A person charged with illegal recruitment of an athlete may be eligible for probation after a conviction, or deferred adjudication without a conviction.
- What is the maximum length of probation for illegal recruitment of an athlete in Texas? If a person is convicted of a Class C misdemeanor, the only punishment is a maximum fine of $500. But a person may be placed on probation for up to two years if convicted of a Class A or Class B misdemeanor.For state jail and third degree felony illegal recruitment charges, the probation term may range from two to five years, and may not exceed ten years for second degree and first degree felonies.
- What is the maximum length of deferred adjudication for illegal recruitment of an athlete in Texas? To avoid a conviction for illegally recruiting an athlete, a person may plead guilty or nolo contendere (“no contest”) to a judge, and be placed on deferred adjudication. The period of deferred adjudication may not exceed 180 days for a Class C misdemeanor, or two years for a Class A or Class B misdemeanor.The deferred adjudication term for a state jail felony is between two and five years, with the possibility of extending it up to ten years. The deferred adjudication term may not exceed ten years for first degree, second degree, and third degree felonies.
WHAT ARE THE DEFENSES TO ILLEGAL RECRUITMENT OF AN ATHLETE IN TEXAS?
The law creates exceptions to punishment for illegal recruitment of an athlete. It is an exception if the athlete and the person offering to confer or conferring a benefit are related within the second degree of consanguinity or affinity. This means, for example, a grandparent who works for a college or university may offer a benefit to his or her grandchild to be an athlete at that school, without exposure to criminal charges.
Under the second exception, an athlete who accepts an illegal benefit is exempt from prosecution for illegal recruitment of an athlete if he or she reports the conduct to law enforcement within 60 days, and agrees to testify against the coach, agent, or other school official.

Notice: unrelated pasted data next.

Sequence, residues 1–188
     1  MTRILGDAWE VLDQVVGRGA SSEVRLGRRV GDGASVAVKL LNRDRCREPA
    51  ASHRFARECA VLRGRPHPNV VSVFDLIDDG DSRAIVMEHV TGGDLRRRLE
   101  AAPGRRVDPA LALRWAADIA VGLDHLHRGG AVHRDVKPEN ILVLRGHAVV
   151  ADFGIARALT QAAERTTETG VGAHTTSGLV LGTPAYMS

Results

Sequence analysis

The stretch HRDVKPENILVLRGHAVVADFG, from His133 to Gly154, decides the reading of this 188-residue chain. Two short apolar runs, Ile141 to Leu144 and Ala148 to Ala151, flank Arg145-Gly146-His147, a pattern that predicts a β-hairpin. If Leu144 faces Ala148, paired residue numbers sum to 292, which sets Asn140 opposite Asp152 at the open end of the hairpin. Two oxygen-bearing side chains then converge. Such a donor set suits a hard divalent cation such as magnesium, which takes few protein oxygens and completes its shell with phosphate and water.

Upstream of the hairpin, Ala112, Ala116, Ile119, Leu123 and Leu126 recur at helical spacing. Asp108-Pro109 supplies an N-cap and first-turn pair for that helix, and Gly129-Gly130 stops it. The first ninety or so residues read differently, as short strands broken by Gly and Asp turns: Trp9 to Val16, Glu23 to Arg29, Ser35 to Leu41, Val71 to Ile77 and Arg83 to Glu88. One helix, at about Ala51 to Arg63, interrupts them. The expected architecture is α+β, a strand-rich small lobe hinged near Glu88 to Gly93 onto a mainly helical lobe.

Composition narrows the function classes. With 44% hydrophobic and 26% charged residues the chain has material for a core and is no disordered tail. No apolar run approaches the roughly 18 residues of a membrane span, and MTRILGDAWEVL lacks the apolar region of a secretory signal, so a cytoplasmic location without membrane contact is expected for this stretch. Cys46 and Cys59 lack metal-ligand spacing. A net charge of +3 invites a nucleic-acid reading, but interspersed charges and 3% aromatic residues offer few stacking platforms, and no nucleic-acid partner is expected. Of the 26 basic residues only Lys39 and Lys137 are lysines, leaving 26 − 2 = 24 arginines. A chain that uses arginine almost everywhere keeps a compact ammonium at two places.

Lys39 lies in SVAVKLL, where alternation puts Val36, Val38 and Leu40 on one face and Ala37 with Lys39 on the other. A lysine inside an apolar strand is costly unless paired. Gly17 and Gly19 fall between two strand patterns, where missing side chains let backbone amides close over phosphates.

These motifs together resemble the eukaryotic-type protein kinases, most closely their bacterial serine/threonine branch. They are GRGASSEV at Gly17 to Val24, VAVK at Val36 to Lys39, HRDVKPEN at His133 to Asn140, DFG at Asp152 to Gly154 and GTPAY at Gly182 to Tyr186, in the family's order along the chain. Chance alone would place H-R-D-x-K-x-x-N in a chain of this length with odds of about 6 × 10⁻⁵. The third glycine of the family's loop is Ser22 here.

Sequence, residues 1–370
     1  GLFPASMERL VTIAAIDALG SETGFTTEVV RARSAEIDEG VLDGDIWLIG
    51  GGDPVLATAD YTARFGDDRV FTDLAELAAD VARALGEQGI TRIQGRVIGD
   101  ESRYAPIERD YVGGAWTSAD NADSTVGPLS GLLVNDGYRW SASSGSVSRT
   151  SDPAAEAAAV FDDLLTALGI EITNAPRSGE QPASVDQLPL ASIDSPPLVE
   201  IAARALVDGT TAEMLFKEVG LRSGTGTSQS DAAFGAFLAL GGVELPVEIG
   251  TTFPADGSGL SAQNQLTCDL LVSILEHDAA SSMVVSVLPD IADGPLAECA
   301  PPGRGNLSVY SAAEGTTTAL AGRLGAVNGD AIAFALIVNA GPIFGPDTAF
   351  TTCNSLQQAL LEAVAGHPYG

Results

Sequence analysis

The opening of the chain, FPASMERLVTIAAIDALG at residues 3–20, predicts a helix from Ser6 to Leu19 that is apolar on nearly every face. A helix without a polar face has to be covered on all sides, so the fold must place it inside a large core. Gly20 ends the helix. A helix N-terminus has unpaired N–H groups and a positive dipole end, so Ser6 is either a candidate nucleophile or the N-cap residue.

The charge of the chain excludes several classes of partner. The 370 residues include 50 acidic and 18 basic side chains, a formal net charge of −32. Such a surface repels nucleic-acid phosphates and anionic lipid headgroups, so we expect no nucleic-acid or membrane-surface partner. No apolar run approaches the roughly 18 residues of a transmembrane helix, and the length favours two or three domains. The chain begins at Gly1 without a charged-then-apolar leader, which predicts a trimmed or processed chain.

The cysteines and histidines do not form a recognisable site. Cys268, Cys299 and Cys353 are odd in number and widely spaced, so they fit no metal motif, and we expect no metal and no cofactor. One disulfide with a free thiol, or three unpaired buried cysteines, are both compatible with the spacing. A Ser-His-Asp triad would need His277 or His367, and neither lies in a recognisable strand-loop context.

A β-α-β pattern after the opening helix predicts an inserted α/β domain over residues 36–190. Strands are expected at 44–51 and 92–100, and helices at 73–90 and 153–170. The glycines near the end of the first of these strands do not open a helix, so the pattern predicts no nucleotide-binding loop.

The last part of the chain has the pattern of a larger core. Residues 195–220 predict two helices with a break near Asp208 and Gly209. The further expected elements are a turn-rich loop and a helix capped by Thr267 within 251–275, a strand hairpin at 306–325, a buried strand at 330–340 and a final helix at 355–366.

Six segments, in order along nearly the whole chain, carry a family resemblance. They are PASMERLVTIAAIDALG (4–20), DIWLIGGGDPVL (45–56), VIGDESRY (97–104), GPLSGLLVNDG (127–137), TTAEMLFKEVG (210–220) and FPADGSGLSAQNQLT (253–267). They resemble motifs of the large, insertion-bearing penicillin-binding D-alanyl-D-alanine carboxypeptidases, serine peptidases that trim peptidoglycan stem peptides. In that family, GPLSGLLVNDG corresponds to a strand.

WHAT IS THE STATUTE OF LIMITATIONS FOR ILLEGAL RECRUITMENT OF AN ATHLETE IN TEXAS?
The limitation period for illegal recruitment of an athlete categorized as a misdemeanor is two years. If categorized as a felony, the limitation period is three years.
ILLEGAL RECRUITMENT OF AN ATHLETE IN TEXAS
College and professional athletics have become billion-dollar industries, which has led to aggressive recruiting of young athletes. Texas law criminalizes offering or accepting unregulated and unauthorized benefits in favor of ethical considerations and preventing extortion of talent.
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DRIVING WHILE INTOXICATED .15
Driving facts involved failing to maintain a single lane and speeding. Client refused breath test and forced law enforcement to obtain search warrant for blood. Blood test result was not used after challenge from Defense, and State waived and abandoned charge.
DRIVING UNDER THE INFLUENCE
Client was a college student, worried about the collateral consequences of an alcohol offense. After negotiation and review of the traffic stop, the case was dismissed. Client received no criminal conviction. The charge was later expunged and deleted from client’s record.
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Client was involved in minor accident. Client was at fault in accident. A young executive, client was concerned that a criminal conviction for DWI would result in termination. After review of the traffic stop, it was clear the officer lacked probable cause for arrest. State eventually dismissed DWI charge. Client received no criminal conviction.
Client, a military veteran, was facing up to one year in jail. State could not prove intoxication by alcohol, and was prepared to proceed on loss of use by marijuana. After challenging the State to prove that marijuana was ingested at or near time of driving, and that marijuana impaired client’s driving, the State dismissed the case on the day of trial.
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Driving facts involved a false claim by police that taillight was out. After challenging the reasonable suspicion for the traffic stop, the State was forced to dismiss the case when video did not match police report. Client has since expunged arrest, and has no criminal record.
DRIVING UNDER THE INFLUENCE